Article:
An Open Letter to Peter Harris, President/CEO of West Marine, Inc.
Below is a letter I sent to West Marine CEO Peter Harris. I urge people to stand up to West Marine's pricing arrogance and service indifference by purchasing their boating supplies elsewhere...
April 29, 2007
Mr. Peter Harris
President and Chief Executive Officer
West Marine, Inc.
500 Westridge Drive
Watsonville, CA 95076
Dear Mr. Harris:
I know there are other avenues within your company for correspondence such as mine, so I apologize in advance for attempting to impose upon your time. However, even at your level, I’d hope you’d want to hear about how things are going at the individual store level, especially when a customer’s experience may reflect a broader trend. It’s one thing to lose a customer such as myself; quite another when the numbers may be adding up. I note from your SEC 10-K filing, and analyst reports that, financially, things aren’t stellar at West Marine. Perhaps my story can be useful, especially when I know it’s not unique.
On Saturday, April 28th, I entered your store in Tracys Landing, MD, intending to buy a variety of lines for my sailboat. Specifically, I needed Sta-Set Polyester 7/16” @ $1.29/foot, total 110 ft. = $141.90; 5/16” @ $.76/foot, total 55 ft. = $41.80, and a 20 ft. dock line @. $2.09/foot = $41.80. According to your catalog prices, I was about to spend $225.50. I assume that would be an above-average single purchase, even by West Marine’s standards.
I arrived early – before 9:00am, because my experience at this store is that it’s difficult at times, particularly on a busy Saturday, to find someone to help you when you need assistance. Upon arrival, I approached two sales representatives and asked, “Who would like to help me get some lines cut?” A gentleman named Norman offered to help me and we went to the back of the store where spools of line are stacked. I had brought an old line with me to ensure I got the right size. I pointed to the Sta-Set lines Polyester lines and stated that’s what I wanted for my jib sheets. We determined my size was 7/16”, but that size was not in the group. He suggested another line of the same size and I had to inform him it was a dock line, not suited for my purpose (something a knowledgeable sales person would have known). He then spotted a spool up on a shelf that appeared to be what I wanted. He brought it down, it looked right, he cut two 55’ foot lengths, helped me with the other lines and I proceeded to the checkout counter.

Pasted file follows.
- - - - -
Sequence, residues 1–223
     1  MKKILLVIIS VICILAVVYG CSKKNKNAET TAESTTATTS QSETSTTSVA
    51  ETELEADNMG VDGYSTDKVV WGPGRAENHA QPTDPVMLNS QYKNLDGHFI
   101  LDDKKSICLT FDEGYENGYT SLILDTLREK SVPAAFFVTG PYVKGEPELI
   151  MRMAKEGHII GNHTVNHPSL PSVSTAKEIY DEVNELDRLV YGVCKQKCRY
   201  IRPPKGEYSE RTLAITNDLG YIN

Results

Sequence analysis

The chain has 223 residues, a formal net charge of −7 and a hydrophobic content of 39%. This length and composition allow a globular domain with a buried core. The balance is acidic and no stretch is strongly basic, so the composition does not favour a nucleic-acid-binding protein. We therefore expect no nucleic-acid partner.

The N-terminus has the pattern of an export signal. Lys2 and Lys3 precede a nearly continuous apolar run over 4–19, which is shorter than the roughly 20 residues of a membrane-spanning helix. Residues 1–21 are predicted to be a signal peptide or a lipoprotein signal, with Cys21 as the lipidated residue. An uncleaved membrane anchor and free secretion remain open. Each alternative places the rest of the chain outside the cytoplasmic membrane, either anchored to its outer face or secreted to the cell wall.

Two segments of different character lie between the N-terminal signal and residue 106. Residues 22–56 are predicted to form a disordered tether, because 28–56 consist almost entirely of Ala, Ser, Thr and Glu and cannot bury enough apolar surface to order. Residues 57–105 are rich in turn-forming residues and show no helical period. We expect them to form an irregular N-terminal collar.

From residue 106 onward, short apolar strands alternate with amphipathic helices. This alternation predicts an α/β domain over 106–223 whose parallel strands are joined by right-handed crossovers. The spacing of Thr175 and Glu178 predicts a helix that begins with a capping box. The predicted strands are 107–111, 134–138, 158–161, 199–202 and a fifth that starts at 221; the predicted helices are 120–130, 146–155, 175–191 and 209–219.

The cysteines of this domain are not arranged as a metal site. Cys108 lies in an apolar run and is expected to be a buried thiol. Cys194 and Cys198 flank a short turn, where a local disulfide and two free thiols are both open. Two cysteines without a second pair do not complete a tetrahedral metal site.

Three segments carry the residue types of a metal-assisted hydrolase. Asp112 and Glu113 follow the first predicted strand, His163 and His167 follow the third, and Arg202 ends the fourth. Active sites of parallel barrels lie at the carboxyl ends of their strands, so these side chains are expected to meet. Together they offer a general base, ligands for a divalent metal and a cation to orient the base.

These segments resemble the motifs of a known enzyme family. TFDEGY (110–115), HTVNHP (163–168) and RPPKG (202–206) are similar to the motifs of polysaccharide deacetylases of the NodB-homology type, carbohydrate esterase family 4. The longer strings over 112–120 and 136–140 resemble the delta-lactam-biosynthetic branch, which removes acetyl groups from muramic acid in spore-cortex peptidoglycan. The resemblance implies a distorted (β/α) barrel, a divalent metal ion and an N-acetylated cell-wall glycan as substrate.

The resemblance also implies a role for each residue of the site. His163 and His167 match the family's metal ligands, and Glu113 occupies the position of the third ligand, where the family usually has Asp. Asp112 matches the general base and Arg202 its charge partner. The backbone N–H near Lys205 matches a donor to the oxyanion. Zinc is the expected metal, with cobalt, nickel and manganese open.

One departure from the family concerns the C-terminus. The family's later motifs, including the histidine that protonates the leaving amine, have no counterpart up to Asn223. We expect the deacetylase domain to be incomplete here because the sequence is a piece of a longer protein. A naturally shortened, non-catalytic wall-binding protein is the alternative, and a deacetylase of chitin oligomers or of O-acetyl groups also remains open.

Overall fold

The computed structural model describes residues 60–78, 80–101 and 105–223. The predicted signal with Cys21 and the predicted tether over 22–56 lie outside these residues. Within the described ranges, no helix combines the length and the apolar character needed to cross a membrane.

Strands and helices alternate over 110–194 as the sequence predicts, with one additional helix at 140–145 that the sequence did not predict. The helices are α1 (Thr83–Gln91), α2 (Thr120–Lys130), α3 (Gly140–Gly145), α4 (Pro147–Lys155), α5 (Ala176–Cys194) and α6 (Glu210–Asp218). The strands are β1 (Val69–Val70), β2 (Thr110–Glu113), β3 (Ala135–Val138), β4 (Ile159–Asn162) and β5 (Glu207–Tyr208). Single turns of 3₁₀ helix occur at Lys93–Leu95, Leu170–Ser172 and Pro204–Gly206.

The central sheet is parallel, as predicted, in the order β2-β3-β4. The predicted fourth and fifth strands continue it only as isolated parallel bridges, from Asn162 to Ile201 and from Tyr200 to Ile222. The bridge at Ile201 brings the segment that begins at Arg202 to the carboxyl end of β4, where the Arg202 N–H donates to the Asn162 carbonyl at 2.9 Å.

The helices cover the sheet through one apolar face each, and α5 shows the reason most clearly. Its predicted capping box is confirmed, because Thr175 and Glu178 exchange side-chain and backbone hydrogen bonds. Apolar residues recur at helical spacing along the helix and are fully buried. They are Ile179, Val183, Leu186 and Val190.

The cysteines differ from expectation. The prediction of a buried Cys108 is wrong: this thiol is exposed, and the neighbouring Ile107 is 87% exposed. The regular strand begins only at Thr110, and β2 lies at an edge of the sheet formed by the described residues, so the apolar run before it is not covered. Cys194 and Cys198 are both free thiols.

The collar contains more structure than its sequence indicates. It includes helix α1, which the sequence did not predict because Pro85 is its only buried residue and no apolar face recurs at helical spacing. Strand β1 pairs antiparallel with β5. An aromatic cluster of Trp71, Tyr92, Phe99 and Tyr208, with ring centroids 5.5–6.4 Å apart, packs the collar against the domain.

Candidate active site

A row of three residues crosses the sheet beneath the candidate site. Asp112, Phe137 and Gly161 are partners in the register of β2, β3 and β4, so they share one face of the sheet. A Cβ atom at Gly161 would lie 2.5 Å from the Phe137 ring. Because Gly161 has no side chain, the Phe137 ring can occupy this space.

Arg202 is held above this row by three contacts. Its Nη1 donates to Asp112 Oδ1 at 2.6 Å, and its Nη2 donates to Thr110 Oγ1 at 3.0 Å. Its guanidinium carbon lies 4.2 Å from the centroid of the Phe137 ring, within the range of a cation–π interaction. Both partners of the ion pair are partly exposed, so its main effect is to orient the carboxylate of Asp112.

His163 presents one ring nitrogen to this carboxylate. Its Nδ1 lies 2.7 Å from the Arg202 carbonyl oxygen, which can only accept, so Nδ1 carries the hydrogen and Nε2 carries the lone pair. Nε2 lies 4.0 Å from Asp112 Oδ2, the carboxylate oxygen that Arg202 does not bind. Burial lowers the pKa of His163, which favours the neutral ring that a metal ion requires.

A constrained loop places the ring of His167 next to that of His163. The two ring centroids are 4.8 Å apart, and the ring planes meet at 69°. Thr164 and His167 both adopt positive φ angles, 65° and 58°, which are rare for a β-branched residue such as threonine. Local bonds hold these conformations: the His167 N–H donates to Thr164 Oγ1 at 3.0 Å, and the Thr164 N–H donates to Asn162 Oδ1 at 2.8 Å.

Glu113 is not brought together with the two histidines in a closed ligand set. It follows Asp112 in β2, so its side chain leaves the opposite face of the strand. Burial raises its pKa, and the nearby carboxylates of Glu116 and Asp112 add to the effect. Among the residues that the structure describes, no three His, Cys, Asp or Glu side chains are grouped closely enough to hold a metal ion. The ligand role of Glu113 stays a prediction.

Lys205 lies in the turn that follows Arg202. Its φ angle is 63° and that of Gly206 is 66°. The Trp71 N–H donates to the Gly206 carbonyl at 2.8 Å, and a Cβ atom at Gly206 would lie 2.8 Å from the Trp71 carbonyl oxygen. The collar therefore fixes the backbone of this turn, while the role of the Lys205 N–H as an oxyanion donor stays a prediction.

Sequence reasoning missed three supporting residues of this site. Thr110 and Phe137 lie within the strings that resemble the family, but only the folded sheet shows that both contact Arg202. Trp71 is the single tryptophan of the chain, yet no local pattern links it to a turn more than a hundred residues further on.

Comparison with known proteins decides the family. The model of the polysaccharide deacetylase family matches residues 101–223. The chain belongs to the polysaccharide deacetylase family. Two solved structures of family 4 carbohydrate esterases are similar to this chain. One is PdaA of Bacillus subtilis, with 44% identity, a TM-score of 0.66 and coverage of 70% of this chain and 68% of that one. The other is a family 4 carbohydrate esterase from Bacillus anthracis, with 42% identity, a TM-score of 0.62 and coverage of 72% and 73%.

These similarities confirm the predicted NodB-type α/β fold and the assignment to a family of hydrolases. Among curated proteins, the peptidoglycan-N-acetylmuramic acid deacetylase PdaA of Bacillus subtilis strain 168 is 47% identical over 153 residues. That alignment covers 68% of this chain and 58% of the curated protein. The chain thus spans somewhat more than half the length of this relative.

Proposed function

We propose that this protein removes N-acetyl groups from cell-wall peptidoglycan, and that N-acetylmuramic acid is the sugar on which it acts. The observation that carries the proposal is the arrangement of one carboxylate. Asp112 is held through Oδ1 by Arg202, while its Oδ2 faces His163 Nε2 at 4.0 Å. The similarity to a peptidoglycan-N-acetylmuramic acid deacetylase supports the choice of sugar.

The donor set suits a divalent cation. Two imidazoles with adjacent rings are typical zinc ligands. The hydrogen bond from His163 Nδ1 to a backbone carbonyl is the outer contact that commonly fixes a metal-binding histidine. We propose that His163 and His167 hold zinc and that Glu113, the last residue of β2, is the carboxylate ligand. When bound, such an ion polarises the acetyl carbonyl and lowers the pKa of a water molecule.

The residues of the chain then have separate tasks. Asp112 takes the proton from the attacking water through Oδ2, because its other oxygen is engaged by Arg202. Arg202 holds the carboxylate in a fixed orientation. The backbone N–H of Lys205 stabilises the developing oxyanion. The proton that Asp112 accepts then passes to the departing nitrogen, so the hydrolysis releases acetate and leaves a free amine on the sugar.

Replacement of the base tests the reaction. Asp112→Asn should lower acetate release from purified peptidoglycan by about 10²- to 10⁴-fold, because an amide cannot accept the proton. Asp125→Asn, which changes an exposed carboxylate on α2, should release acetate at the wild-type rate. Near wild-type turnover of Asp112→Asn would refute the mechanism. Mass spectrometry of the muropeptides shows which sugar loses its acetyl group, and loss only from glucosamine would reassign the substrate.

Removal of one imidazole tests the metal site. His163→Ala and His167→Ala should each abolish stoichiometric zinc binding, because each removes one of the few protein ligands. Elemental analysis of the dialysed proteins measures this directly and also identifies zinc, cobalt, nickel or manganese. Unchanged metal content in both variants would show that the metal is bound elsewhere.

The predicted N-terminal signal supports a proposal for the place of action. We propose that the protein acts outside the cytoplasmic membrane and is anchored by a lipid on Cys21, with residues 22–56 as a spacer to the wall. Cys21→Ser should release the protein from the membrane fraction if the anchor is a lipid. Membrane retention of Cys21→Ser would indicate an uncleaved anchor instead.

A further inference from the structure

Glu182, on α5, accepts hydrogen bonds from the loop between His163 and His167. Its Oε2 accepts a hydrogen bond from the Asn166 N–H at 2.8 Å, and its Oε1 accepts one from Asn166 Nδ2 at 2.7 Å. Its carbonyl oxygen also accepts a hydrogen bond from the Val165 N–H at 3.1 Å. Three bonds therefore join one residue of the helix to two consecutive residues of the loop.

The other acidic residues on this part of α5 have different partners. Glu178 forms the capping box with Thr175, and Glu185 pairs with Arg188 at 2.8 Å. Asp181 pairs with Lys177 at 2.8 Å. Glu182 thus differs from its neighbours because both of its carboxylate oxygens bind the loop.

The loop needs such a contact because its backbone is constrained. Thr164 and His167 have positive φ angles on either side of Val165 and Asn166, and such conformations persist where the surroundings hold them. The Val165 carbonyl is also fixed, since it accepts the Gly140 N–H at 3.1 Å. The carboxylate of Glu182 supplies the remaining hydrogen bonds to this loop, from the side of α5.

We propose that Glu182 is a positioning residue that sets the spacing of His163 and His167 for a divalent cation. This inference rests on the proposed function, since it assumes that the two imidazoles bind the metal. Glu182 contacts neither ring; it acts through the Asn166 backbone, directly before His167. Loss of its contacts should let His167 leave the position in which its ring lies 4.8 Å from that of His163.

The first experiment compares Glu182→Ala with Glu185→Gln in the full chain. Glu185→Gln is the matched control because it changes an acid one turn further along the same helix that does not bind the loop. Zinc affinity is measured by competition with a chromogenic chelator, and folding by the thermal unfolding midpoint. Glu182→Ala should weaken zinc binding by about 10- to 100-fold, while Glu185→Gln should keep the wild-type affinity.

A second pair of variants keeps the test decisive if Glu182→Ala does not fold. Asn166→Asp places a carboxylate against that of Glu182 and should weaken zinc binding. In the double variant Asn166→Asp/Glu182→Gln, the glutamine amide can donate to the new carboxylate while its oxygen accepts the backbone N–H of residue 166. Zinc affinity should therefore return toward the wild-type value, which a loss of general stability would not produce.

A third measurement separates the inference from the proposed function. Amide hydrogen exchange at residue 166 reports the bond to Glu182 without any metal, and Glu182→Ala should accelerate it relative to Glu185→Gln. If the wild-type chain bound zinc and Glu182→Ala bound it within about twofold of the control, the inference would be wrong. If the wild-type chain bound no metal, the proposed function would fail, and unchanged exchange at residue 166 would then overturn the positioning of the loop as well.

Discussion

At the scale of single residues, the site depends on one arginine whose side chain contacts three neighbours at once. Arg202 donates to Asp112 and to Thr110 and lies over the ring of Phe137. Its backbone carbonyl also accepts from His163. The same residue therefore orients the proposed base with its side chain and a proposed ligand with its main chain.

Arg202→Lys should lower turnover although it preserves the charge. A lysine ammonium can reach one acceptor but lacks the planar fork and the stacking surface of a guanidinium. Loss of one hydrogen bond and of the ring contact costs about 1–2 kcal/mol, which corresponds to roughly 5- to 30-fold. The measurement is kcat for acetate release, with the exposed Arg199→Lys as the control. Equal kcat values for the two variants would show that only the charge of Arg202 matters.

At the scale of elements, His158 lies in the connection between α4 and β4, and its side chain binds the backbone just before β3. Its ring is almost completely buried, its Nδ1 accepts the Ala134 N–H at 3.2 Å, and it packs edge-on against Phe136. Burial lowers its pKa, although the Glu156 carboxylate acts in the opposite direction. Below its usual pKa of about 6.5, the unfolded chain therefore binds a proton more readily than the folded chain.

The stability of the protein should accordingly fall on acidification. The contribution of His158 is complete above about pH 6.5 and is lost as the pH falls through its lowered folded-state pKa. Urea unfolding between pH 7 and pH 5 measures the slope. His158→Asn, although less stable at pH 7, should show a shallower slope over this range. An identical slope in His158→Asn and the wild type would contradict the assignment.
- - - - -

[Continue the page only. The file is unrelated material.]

When the cashier totaled the order, with tax, it came to over $400.00. I questioned the total, noting the jib sheets rang up at $2.83/foot. Norman told me he was sure he had written down the correct SKUs. I said there’s no way the lines I wanted cost that much and we returned to the back of the store where we discovered the lines he cut were XLS Extra-T Double Braid, a superior quality line that was not what I had requested. Norman, confused as to what to do, went and got the manager.
When the manager arrived, the first words out of his mouth were, “Well, it looks like you just bought those lines.” I began to object and he clearly wasn’t having it. Eventually, with Norman standing by, I was able to explain what had happened. The manager finally said, “Oh, now I understand. Tell you, what I’ll do. You don’t have to buy the lines if you don’t want them.” I had already made it clear I had no intention of buying them, became very angry and berated him and his attitude quite loudly, pointing out this was not the first time he had been rude to me and I walked out of the store, telling him I’d never be back, and leaving all of the lines I had been prepared to buy behind. I returned in a few seconds and informed him the matter was not going to end there. He had nothing to say except to try to return a $10 Rewards coupon I had left on the counter. I told him what he could do with it. By the way, I note you appear to have reduced the normal “reward” from $15 to $10. Cost cutting?
In isolation, while I would have been offended by his attitude toward a regular customer, I would not have reacted as extremely as I did. However, as mentioned, he had been confrontational with me previously when I tried to use an online discount code that I had just checked on your web site (where it was accepted). The only reason I didn’t order it on the web site was because I figured I’d rather give the local store the business and I could get the item immediately. He refused to accept the coupon, saying it was fraudulent (BradsDeals.com) and he had been informed by corporate Internal Affairs (or some similar sounding organization) not to take it. When I showed him my printout from WestMarine.com, he relented. However, he clearly was not happy and had caused me to feel embarrassed as though I had tried to do something wrong.
Further, I have witnessed him being rude or confrontational to other customers and have had conversations with people who have had unfortunate experiences with him in the store and either go to competitors’ stores, or online, or to the West Marine in Edgewater, MD, where the manager has been building an excellent reputation for her customer service.
Another problem I’ve noted with the Tracys Landing store is that there appears to be excessive staff turnover. It is rare to find anyone who is knowledgeable about the products in the store. I’m now wondering, if Dave treats his customers the way he does, how does he treat his staff?
Again, in isolation, I wouldn’t bother to send this letter; I’d simply stop patronizing West Marine. However, it seems patron dissatisfaction with West Marine may be a bit of an epidemic. I live in a waterfront community and have asked around my neighborhood. Some have personal stories re the local store; others go out of their way to shop elsewhere because of the prices.